In July 2015, I was a very active 38-year-old, working in finance and as a personal trainer—often starting my day at 4:45 am and ending some days at 8 pm. I ate healthy, worked out six days a week, went to all of my doctor's appointments and generally tried to take care of myself. But I began feeling run down and I thought maybe I had pneumonia again, so I scheduled a sick visit with my primary care doctor. There, she took some chest x-rays and discovered that my heart was terribly enlarged and there was a mass in my left lung. I left the doctor's office, in an ambulance, and went straight to the hospital and into heart surgery. I spent over 12 hours in lung procedures and 10 event-filled days at the hospital. At 7 pm on the 10th day in the hospital, I was told I had stage 4 lung cancer, a type that has no cure. The cancer was now in both of my lungs, my heart, lymph nodes, and hip bones. Whoa. How the heck did that happen?
I began a two-bag infusion chemotherapy program almost right away and then I swapped hospital systems to be with a doctor who was a better fit for me. Then I started on a new oral targeted therapy that was easier for me to tolerate. In June 2016, my cancer had spread to my brain. I started a new targeted therapy that crosses the blood-brain barrier and had success with that -- my brain mets have shrunk. Yay! Here we are more than one year later, a million lab draws later, three treatments later, a dozen scans later, six body parts later, a few setbacks later and I'm still chugging along, quite unscathed really. My current treatment is easily tolerated. I fight fatigue, headaches, and nausea the most, as well as, some occasional sight problems and other weird side effects. It's not too bad, mostly bothersome. I am, for the most part, able to lead a relatively "normal" life.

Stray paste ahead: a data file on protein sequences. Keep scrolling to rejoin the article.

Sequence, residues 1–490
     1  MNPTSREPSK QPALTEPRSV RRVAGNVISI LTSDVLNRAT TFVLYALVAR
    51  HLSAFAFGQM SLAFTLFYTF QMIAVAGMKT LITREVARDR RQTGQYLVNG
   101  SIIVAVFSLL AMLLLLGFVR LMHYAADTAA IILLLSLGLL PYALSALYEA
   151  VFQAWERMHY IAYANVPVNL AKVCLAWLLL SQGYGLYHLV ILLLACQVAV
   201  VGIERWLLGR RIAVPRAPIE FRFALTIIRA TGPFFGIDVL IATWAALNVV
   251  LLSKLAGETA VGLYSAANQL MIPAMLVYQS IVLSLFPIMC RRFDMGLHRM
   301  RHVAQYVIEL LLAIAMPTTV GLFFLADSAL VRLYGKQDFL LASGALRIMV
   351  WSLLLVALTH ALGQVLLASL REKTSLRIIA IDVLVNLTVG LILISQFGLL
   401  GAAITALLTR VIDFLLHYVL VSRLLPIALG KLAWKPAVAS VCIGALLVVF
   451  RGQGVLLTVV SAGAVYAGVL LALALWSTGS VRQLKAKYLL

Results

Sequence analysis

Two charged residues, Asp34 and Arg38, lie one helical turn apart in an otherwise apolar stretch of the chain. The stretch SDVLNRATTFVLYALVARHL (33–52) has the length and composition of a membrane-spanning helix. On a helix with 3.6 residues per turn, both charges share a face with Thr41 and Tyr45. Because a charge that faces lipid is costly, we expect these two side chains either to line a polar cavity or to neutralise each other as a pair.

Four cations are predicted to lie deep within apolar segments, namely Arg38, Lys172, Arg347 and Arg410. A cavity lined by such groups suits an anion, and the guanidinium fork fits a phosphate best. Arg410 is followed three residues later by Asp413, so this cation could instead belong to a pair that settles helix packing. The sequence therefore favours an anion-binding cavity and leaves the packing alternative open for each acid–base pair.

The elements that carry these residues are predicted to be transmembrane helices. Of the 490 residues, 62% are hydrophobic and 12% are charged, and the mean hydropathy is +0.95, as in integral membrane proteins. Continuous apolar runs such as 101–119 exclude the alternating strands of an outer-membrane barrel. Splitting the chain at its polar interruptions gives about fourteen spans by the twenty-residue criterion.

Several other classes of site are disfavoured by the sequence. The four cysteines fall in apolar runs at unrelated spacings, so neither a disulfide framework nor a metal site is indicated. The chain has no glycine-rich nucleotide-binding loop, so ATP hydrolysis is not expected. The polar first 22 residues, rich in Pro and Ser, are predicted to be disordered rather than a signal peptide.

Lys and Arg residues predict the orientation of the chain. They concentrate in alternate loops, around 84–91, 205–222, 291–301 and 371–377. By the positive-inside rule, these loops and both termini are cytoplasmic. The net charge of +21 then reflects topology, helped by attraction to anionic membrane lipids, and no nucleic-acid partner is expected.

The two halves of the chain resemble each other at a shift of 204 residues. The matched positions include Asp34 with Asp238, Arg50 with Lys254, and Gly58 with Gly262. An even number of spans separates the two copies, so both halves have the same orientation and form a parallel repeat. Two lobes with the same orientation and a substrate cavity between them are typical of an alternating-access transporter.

My team of doctors at CMC Levine Cancer Institute is top notch and they make having cancer somewhat enjoyable. They entertain my wacky self and they are so personable and kind to me. They listen, they understand, they sympathize and they problem solve. Things that are important to me are important to them, and that's what makes them so special. They are encouraging and smart; they provide recommendations and support my decisions. They choose their words carefully so that I can understand. They call and check up on me when I don't feel good, and they follow through on their word. I am lucky to have them as my team and call them friends.
I am no longer working; instead, I am enjoying time with friends and family. Who knows what the future holds, so I'll take some time off while I have the excuse. I still enjoy working out as often as possible. Some weeks it's six days a week and others it's only once a week. I went to Boston with friends to celebrate my 40th birthday! I consider myself lucky that I am able to do almost everything that I want to do. I have friends and family around me that support, encourage and pray for me. A cure might be right around the corner at any minute and I'll be kicked out of this cancer club. Until then, I try and see my glass as full to the brim each day, be cheerful, be grateful, be positive and most importantly smile and have fun.